Cisco combats exam cheating with digital ID policy

* Exam takers must give digital signature and photo before entering test centers

In a bid to combat cheating and to "protect the value of certifications" Cisco now requires all exam takers to provide digital photos and digital signatures during the admission process at Pearson VUE, Cisco's primary test centers.

According to Cisco: "This new layer of identity authentication will help to ensure candidate identity and result in increased assurance that individuals are presenting accurate certification records in the marketplace."

Cisco says the move is a precautionary one against cheating in the Cisco exam world, which Cisco Jeanne Dunn, senior director for Learning@Cisco says is an "isolated problem." However, CertGuard, which works with vendors to combat the exam cheating industry, believes cheating in the Cisco world is more widespread than Cisco is publicly admitting. "[Cisco] really need to open up their favorite Internet browser and Google 'CCIE' or 'CCNA'. These braindump companies [which publish actual questions and answers from Cisco tests] are easily searchable and their search engine advertising is often much better than most legitimate practice test providers," says CertGuard CEO and Founder Robert Williams. "I have over 600 braindump Web sites listed in my database and ~98% of them have questions and answers from nearly every Cisco exam, even some exams that were released within the past 6 months. In fact, CCNA braindumps are more prominent on the Internet than MCSE braindumps."

Another problem in the Cisco exam industry is the so-called "hired-gunmen" who take exams for other people. More sinister is the claim, according to Williams, by some gunmen to actually owning testing centers.

"Hired Gunmen rely on the availability of the testing centers in their area and the ability to use those test centers whenever necessary. With these new methods in place that should make it much more difficult for the gunmen to follow through with their illicit acts, but only because they will be flagged for entering the facility more frequently than any normal exam candidate," Williams says.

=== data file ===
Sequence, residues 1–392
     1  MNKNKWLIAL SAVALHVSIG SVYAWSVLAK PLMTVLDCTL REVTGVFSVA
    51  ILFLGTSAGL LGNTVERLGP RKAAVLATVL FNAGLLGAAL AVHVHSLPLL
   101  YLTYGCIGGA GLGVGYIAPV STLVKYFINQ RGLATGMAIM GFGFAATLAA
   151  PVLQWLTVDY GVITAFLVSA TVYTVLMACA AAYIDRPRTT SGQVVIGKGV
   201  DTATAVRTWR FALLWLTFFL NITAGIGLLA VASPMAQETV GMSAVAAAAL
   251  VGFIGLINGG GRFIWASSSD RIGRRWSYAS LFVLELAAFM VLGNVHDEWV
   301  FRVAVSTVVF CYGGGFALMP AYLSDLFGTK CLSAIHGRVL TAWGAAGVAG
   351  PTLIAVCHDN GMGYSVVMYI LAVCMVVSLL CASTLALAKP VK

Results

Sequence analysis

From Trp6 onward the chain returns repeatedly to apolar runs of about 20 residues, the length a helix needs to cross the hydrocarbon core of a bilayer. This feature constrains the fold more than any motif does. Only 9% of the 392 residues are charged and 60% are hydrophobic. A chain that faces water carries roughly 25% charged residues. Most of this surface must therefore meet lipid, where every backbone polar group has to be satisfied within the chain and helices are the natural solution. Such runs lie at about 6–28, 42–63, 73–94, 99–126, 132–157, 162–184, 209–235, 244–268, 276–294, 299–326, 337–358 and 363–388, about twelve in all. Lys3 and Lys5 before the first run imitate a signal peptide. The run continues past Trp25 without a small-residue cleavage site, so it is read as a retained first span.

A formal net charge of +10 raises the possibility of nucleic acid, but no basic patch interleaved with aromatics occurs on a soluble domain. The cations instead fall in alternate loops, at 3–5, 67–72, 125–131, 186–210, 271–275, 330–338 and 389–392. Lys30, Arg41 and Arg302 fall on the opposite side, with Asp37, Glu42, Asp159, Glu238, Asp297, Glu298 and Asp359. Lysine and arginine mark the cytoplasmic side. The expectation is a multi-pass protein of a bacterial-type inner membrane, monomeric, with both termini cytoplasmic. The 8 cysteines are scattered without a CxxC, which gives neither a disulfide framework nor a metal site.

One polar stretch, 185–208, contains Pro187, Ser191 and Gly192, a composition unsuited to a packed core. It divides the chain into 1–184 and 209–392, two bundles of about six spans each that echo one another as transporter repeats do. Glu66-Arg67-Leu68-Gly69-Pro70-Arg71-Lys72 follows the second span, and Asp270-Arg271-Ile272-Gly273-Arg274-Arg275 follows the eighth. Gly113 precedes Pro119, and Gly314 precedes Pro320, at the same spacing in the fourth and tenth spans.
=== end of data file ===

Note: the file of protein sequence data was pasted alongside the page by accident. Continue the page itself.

He adds: "As for braindumps, I feel Cisco’s new methods will reduce the number of individuals that take exams strictly to collect exam questions, but that’s the only way I see Cisco’s decision affecting the braindump industry as of now. The people that use braindumps do restrict themselves to rote memorization of the questions and answers. This practice can be done in the privacy of one's home and is virtually undetectable unless the cheater talks about how s/he studied. This method cannot be detected in the testing center and neither a photo nor a signature will allude to the fact that they have cheated.

"Many cheaters will also memorize a question or three from the exam and report them to any of the numerous forums on the Internet. Rarely are those questions and answers verbatim, and any braindump company that is making money is most assuredly not using those. What I’m worried about is the practice of creating the braindumps and this is what I've focused on."

Dunn says the digital signature and photograph policy is just a part of what Cisco is doing to combat cheating. To stay one step ahead, Cisco said it is constantly changing its exam content and adding questions to test for soft skills, saying that over time certifications are going to be tied to specific job roles. Cisco will also add more simulation to tests arguing that to answer simulation questions correctly candidates must be familiar with real-life networking issues - a skill that hired gunmen may not possess.

Williams thinks otherwise: "I’m sure they know the Cisco equipment inside and out, and I’m sure they have the skills to out perform just about anyone in their region."

He adds: "I’m sure that any future measures Cisco is planning will work towards reducing braindumps, I hope they are working with VUE to reduce owner/employee corruption in the test centers. Cisco made a great move by switching to a single exam delivery partner; now VUE needs to follow up with that by closely monitoring each and every one of their test centers (including employees and owners) to help determine where the exams are being compromised."

Cisco says the new authentication technology will be implemented in phases around the world over the next year.

For more discussions about cheating in the Cisco exam world, read the Brad Reese on Cisco blog "CertGuard declaration of war on the Cisco certification cheating industry has been achieving success" at Network World's Cisco Subnet community for Cisco customers.

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